Our next buggy problem was my fault, really. At the end of summer when the nectar run slows down, it is recommended to feed your bees a sugar syrup to supplement. I got the bright idea to put the sugar water in a bottle near the hive. Turns out it wasn't such a bright idea, as it attracted wasps. My guy, coming in from the backyard, said "We've got trouble in River City". "What?" "The hive, it's in trouble." We ran out to see our honeybees in an epic battle with these huge black and white wasps. The wasps were trying to enter the hive--a situation known to beekeepers as robbing. Anyway, there we were joining in to save our friends the bees. We were able to dispatch some of those nasty villains, swatting them with whatever we could find. Not very smart, probably. But still, we love our honeybees, so into the fray we went. "You know, we're kind of like Legolas and Gimli," my husband said. "I know, right?...Hey, wait a minute...which one of us is Gimli?" Humph!

Now, you might think I'm telling a tall tale here.


But here's the proof. We found the wasps' nest a little ways away from the hive among some bushes in our yard. I have to admit it is a thing of beauty.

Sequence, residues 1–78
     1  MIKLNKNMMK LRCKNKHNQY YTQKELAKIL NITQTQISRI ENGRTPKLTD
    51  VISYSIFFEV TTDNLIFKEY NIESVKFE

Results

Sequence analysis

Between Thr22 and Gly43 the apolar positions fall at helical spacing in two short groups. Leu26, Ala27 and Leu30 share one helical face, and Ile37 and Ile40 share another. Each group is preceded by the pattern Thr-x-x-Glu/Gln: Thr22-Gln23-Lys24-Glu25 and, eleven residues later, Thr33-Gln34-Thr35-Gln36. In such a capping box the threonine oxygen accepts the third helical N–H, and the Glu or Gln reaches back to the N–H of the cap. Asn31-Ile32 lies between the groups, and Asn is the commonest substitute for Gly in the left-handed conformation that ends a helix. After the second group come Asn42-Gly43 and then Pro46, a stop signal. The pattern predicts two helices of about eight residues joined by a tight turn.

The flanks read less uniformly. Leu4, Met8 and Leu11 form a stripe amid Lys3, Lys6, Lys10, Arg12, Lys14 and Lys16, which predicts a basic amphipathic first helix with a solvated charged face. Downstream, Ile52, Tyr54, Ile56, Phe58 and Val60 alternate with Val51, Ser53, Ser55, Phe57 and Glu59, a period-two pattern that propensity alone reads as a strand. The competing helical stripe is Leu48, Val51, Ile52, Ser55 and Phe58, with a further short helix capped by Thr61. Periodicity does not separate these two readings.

And speaking of beauty, I saved some of the painted wings and pressed them in one of my sketch books, along with some tree bark I had found. Seeing them side by side makes me want to create something with them. Ideas, anyone?

19 comments:

amy said...

my husband is seriously afraid of praying mantises. but the rest of us love them.

Joy Lake said...

"Hey, wait a minute...which one of us is Gimli?" Humph!" hahahahahhahahah

Love this post. When you were telling me about the bees and the wasps it sounded epic. Now you throw in the butterflies and the praying mantis?!?! It has all the makings of a mini series. Really, what a saga!

Both the picture of the praying mantis and the wasp hive make my stomach turn...though the hive is pretty incredible.

Jodi said...

Amy, give your hubs a high five for me!

Jodi said...